The trail less travelled

Avid snowmobilers in Lac la Biche carve out their own trails in the open prairie land—and no two rides are ever the same

by Jessica Kirby

man pulling his sled out of snow
Evan Morin rolled over on his best ride ever in Lac la Biche. Photo courtesy Evan Morin

In winter, Lac La Biche is 236 square kilometres of frozen playground for snowmobiling residents of the town by the same name, located on the lake’s southern shore. Avid sledder Evan Morin said between the vast span of the huge lake and 30-foot-wide open areas along the power lines, there is no shortage of places to go hard in Lac La Biche.

“The ice is great because there isn’t much snow on it and you can go to and from people’s houses across the lake,” Morin said. “You can ride all day towards Conklin, and up north towards Fort McMurray on a lot of flat open land, prairie fields,  farmland and some hilly areas.”

The area isn’t rich in established trails. The closest maintained trails are in Smoky Lake and many residents of Lac La Biche work and ride in Fort McMurray. But that just adds to the excitement, and it means sledders in Lac La Biche are hungry for exploration and finding undiscovered places. Morin is one of them. He packed his sled and left Lac La Biche one morning with a friend and no real plan—they just headed out across the lake and stopped a half hour in.

“I asked my friend, ‘So where are we going?’ " said Morin, "and we decided we’d go where we’d never gone before.”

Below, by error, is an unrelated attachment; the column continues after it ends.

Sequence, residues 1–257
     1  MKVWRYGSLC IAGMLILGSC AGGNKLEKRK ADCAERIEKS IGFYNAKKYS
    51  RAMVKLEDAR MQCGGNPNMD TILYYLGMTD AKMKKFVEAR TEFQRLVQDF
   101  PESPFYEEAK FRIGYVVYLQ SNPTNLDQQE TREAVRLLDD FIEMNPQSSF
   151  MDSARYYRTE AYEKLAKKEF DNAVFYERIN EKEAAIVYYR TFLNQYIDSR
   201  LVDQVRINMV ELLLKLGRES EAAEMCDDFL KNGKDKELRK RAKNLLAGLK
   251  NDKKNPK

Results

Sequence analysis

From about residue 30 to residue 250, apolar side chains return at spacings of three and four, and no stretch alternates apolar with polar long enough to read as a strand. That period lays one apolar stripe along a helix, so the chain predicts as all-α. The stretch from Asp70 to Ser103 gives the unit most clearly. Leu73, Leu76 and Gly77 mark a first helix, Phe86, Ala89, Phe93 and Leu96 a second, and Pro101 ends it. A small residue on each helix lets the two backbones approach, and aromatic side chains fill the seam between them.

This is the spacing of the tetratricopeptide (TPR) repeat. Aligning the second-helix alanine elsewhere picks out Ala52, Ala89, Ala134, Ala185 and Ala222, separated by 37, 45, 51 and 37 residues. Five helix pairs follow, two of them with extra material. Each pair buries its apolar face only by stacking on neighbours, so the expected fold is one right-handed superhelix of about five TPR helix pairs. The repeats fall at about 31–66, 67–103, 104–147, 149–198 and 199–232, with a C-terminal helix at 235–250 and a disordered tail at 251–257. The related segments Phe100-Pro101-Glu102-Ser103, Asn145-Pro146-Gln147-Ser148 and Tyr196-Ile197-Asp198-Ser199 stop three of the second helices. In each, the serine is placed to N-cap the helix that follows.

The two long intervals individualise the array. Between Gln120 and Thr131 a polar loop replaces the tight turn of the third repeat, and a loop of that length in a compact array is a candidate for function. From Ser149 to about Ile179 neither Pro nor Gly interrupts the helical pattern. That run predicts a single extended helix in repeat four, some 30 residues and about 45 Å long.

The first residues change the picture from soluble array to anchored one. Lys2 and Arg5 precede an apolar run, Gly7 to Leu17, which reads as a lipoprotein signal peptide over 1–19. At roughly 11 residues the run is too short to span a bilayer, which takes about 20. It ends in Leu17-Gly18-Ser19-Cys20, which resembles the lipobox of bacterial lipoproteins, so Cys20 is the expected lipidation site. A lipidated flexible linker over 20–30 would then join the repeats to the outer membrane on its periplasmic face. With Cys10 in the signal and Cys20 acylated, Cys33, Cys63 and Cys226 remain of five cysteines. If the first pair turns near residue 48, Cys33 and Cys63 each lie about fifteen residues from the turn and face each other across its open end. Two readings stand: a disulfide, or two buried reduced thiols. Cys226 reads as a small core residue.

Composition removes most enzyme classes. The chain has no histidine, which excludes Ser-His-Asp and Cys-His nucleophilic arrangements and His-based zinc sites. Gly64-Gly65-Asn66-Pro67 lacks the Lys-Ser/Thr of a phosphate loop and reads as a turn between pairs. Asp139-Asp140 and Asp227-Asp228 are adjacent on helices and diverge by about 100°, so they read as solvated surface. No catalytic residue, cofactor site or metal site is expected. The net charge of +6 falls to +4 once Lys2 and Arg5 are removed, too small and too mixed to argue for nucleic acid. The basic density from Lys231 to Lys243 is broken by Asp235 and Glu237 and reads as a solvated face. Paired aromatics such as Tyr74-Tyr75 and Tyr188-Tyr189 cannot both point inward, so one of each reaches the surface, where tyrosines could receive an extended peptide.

Wherever the trails take us

They had gear packed—including shovels—and called a friend nearby who came with eight jerry cans on a skimmer. They filled the cans at Heart Lake and headed north along the power lines.

“We had so much fun,” said Morin. “We had close calls, rolling over, getting stuck and falling through creeks. At one point, I had my back end through the creek and my front end on the ice in front of me.”

He also had a great rollover heading up a hill with more fear than gas.

“My buddy went up with a 900 so it was no problem. I went right up that hill behind him—and then, right back down that hill,” Morin said. “There I was upside down and they were laughing at me.”

Later, his friend’s machine ended up buried to the hood under five feet of snow when he cased a jump and ended up stuck in a ditch.

Morin started out on a Ski-Doo Mach 1 and now rides a modified Summit 670. He and his friends go through a lot of machines, but can never be accused of not having enough fun.

“At least we know that no matter what, we’ve lived the best life,” Morin said.

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